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Energy Policy Act of 2003-Conference Report-Continued

Location: Washington, DC


Mr. McCAIN. Mr. President, I think this legislation is very timely because if we pass it, Thanksgiving will come early for the Washington special interests. The American public will be presented with an enormous turkey stuffed with their tax dollars. Tell your constituents to save their holiday Turkey carcasses because this farsighted bill even provides subsidies for carcasses used as biomass to generate energy.

We cannot discuss the bill without looking at the fiscal condition of the United States of America today. According to recent reports, Government spending, thanks to the Congress, grew at 12 percent. We are looking at a half a trillion budget deficit next year. We have gone from a $5 trillion surplus over the last few years to a multitrillion-dollar deficit. So what do we do? We are passing a bill that will increase the deficit by at least somewhere around $24 billion.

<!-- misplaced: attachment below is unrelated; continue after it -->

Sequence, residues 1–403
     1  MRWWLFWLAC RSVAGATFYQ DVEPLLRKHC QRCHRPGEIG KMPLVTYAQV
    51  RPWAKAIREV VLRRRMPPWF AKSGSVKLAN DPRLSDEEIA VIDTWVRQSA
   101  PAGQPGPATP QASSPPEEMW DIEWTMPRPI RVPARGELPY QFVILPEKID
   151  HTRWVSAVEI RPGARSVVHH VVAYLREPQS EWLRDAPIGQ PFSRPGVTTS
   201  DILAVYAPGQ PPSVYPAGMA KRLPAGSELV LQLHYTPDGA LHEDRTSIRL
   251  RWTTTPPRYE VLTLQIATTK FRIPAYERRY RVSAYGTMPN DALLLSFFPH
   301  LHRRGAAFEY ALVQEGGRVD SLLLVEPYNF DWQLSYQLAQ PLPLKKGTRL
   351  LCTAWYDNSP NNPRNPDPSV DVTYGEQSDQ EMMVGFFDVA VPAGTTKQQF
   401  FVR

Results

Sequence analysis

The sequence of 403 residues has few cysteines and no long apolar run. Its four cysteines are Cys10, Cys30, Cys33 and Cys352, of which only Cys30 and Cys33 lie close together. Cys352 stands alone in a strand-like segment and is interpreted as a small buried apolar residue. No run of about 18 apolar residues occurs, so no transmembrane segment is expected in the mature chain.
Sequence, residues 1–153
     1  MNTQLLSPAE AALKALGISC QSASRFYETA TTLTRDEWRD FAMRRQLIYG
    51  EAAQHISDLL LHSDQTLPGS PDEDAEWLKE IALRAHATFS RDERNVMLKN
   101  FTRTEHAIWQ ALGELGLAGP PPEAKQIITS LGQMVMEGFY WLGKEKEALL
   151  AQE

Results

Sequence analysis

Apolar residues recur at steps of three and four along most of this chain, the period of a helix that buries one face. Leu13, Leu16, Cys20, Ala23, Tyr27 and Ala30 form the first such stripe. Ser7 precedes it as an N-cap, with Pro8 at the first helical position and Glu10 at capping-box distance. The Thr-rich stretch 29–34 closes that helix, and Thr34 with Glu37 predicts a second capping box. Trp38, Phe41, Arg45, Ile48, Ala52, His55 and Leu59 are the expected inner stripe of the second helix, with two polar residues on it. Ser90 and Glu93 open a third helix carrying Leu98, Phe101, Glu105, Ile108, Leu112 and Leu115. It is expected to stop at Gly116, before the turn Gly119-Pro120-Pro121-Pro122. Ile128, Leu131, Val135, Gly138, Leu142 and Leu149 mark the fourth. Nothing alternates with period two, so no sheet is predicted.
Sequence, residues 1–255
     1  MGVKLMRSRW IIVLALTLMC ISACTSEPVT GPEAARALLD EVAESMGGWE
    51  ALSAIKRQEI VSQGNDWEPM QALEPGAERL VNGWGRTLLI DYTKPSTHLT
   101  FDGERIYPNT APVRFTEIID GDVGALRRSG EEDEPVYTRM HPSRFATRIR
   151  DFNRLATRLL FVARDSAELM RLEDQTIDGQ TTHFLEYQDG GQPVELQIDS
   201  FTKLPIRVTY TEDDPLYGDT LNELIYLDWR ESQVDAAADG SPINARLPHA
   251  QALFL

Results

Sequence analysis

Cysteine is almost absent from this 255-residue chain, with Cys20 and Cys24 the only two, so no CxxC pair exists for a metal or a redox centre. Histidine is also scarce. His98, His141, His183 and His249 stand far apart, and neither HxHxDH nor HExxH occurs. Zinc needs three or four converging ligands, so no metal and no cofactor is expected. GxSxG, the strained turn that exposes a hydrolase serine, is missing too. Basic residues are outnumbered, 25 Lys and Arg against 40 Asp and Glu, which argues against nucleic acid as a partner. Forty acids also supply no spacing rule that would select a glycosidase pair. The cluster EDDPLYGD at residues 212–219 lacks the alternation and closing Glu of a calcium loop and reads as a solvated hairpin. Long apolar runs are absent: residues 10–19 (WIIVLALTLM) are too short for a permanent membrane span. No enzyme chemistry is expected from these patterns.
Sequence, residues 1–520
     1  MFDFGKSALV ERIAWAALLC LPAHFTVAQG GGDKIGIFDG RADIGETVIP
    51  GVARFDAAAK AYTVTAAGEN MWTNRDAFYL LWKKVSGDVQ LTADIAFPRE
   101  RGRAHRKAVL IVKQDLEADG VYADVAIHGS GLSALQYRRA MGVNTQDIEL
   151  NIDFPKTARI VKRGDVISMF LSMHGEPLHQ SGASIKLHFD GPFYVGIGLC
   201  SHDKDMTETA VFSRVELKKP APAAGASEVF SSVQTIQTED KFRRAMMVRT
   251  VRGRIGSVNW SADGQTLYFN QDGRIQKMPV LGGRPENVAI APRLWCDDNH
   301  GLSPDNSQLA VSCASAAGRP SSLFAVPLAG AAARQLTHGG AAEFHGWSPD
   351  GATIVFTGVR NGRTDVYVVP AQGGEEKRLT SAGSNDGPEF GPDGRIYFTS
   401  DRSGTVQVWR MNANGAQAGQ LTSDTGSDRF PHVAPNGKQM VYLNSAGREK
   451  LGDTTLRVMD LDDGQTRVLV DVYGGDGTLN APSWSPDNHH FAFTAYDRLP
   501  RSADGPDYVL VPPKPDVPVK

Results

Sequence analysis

By the way, I am really sorry we have not gotten the bill. I understand it is 1,200 to 1,600 pages long. Of course, we are considering it without even having a chance to observe it, but it is printed in the RECORD. I imagine the RECORD is pretty big.

Adding to this feast, this bill also contains the other white meat. Of course, I am referring to pork. I fear for the passage of a 1,200-page, pork-laden bill. The outbreak of Washington trichinosis will be so severe we will be forced to have a field office for the Centers for Disease Control right next to the Capitol. I am not saying this will not generate some energy, not at all. It will fill the coffers of oil and gas corporations, propel corporate interests, and boost the deficit into the stratosphere.

Indeed, I have stated on several occasions the name of this bill should be the "Leave No Lobbyist Behind Act of 2003." Given the magnitude of the largess offered in this bill, I hardly know where to begin. I feel somewhat like a mosquito in a nudist colony. I hardly know where to begin.

At a time when it is crucial for our national security and economic welfare that we pursue a new course toward energy independence and global environmental protection, the provisions in this bill take exactly the wrong direction: increasing our dependence on conventional fuels; increasing environmental degradation; increasing our energy use; increasing our national debt; and diminishing protection for consumers and public health.